NYPD cop killer does not represent us

     Mourners stand at attention as the bodies of two fallen NYPD police officers are transported from Woodhull Medical Center in New York. / AP Photo

    Mourners stand at attention as the bodies of two fallen NYPD police officers are transported from Woodhull Medical Center in New York. / AP Photo

    My prayers go out to the families of the two New York police officers who were shot to death while sitting in a patrol car in Brooklyn on Saturday. 


    Police identified the shooter as 28-year-old Ismaaiyl Brinsley, of Georgia, who allegedly shot and seriously wounded a woman in Baltimore before driving to New York. That’s when police say he approached the patrol car and opened fire, fatally wounding officers Wenjian Liu and Rafael Ramos.

    Brinsley then fled to the subway, where he shot and killed himself, according to police.

    Social media postings purportedly made by Brinsley are being investigated. Several published reports said the postings—allegedly made on Instagram—contained threats against police that alluded to Eric Garner and Michael Brown, two black men killed by police in separate incidents. Those two cases, and the decisions of grand juries not to indict the officers involved, have sparked national outrage, but protests have largely been peaceful.

    The Garner and Brown families have denounced the actions of Brinsley or anyone else who would turn to violence in the wake of their loved ones’ deaths.

    I join the families in that sentiment, but in reality, it’s not about Brinsley at this point. It’s about us. Whether Brinsley’s actions were driven by a desire for retribution, a thirst for recognition, or just plain madness, our motives in the wake of his actions must be driven by a desire for peace.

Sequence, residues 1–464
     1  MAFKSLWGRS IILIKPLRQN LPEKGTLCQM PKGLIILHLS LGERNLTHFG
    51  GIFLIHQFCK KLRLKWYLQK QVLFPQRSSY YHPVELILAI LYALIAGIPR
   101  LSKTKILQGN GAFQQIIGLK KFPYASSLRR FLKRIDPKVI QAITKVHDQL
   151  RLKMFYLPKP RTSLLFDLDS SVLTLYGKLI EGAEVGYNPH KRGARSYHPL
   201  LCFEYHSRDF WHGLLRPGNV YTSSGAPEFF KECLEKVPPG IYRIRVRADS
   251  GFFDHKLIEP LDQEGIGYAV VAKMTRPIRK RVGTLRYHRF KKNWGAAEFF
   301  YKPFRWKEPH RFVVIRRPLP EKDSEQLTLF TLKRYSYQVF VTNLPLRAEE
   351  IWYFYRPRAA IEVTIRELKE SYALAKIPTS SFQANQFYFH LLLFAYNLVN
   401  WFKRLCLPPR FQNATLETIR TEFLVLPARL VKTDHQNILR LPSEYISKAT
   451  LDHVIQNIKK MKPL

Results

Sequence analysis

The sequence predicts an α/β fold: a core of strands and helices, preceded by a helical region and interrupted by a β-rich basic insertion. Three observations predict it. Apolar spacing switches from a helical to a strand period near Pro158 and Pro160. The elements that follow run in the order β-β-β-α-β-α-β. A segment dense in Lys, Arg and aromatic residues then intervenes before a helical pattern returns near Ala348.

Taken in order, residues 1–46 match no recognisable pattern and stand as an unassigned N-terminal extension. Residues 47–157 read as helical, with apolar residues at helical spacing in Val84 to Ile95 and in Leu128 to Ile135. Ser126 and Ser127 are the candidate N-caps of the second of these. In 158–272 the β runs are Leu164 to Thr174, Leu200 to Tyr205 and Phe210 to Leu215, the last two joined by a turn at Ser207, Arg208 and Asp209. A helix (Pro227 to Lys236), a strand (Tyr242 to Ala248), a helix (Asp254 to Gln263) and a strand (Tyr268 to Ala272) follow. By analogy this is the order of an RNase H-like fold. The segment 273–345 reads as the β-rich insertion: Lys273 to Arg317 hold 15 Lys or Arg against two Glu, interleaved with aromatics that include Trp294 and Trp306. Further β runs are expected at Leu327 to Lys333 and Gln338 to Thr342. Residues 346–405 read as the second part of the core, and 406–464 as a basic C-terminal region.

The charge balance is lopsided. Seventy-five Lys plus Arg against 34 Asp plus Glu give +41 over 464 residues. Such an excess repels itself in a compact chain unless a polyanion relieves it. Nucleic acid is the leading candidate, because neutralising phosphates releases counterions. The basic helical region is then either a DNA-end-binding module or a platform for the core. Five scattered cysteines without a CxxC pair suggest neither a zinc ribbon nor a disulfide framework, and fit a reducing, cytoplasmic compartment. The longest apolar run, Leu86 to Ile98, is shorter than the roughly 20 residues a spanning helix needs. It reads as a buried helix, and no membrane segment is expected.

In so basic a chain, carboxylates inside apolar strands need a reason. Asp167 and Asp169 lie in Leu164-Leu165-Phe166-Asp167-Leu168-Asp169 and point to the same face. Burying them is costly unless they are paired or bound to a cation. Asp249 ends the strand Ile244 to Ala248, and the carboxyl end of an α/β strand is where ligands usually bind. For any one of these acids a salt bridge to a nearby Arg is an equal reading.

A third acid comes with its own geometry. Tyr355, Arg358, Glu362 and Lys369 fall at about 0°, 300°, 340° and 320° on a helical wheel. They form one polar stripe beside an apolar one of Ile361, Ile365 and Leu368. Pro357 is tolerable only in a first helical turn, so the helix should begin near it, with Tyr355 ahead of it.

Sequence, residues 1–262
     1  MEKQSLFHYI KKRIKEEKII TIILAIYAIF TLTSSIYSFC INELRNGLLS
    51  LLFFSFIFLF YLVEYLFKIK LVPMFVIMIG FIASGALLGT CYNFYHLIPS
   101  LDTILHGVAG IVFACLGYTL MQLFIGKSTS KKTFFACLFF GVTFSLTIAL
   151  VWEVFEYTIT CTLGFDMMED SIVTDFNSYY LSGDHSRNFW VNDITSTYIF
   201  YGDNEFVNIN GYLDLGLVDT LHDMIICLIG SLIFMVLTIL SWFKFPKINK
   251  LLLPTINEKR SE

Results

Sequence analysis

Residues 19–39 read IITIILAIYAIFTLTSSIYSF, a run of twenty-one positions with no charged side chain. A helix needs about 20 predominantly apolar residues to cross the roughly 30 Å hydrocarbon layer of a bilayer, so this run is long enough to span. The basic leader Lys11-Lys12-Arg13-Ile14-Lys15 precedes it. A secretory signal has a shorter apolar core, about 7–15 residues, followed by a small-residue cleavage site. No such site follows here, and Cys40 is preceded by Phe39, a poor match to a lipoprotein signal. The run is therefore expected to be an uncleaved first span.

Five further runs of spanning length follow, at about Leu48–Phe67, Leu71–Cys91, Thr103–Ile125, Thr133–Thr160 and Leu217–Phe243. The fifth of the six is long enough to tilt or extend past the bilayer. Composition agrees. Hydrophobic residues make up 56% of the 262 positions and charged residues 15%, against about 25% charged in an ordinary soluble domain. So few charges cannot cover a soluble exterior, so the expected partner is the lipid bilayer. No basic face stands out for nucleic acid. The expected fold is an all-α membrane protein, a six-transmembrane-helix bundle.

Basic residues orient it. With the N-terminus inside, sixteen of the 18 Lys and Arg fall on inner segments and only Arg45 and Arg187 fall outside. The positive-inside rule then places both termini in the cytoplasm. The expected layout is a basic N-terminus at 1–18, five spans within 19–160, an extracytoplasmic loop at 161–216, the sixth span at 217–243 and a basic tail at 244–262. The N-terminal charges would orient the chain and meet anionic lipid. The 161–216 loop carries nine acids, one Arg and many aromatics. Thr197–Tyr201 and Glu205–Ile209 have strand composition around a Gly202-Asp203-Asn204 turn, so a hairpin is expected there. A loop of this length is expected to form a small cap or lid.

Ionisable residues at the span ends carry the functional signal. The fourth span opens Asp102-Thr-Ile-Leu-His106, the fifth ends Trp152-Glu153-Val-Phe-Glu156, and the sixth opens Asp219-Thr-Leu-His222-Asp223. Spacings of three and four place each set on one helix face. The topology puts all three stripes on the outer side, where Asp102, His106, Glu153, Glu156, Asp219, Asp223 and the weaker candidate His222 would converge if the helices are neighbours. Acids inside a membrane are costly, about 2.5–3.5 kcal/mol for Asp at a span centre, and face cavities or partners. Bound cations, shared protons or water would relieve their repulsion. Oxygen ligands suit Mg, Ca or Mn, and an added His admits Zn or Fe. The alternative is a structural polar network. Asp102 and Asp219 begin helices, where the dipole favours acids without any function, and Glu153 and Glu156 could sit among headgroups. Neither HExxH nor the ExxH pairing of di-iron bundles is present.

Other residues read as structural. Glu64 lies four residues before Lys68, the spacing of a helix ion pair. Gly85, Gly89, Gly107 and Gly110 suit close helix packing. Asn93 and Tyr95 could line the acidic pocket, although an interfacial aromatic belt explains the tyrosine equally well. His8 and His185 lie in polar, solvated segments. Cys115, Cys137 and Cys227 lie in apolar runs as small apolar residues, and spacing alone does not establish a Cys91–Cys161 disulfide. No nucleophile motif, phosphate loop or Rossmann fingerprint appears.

We must work toward helping the families of these fallen police officers—men who at the time of their deaths were working overtime, just like so many of us do—in an effort to provide for their families.

    Because as much as we’d like to believe otherwise, underneath their uniforms, these men were much like the rest of us, and in order for us to heal as a nation, we must begin to understand that simple fact. On either side of the thin blue line that separates police from civilian, we all have the same aspirations. Chief among those aspirations is justice.

    If we truly want justice for all the victims of senseless violence, and not just the ones who look like us, we must do more than stand up for the rights of civilians shot by police. We must also stand up for the rights of police shot by civilians.

    Just as it was wrong for Eric Frein to allegedly ambush two state troopers in upstate Pennsylvania due to his long-running grudge against police, it was wrong for Ismaaiyl Brinsley to shoot two New York police officers due to his own apparent grudge against police.

    But we must be careful to view Brinsley in the same way that Frein was viewed—as an outlier whose actions reflected on no one other than himself.

    Brinsley doesn’t represent those who are calling for justice in the deaths of unarmed men and women killed by police. He represents himself, and he alone is responsible for his actions.

    Just as I have repeatedly said that the policemen who killed unarmed men don’t represent the majority of officers, Brinsley is not a metaphor for the protesters seeking justice. He is an individual. In fact, we’re all individuals, no matter how we look, or where we come from, or where we work.

    If only we could remember that more consistently. Perhaps then we would choose to see beyond stereotypes; to listen instead of shouting; to come together before coming apart.

    Perhaps, in this moment when grief has once again settled upon us, each side will stop to pray for the other. Or even more miraculously, we will abandon sides altogether, and work to find solutions.

    The families of Wenjian Liu and Rafael Ramos deserve at least that much, just like the families of Michael Brown and Eric Garner.


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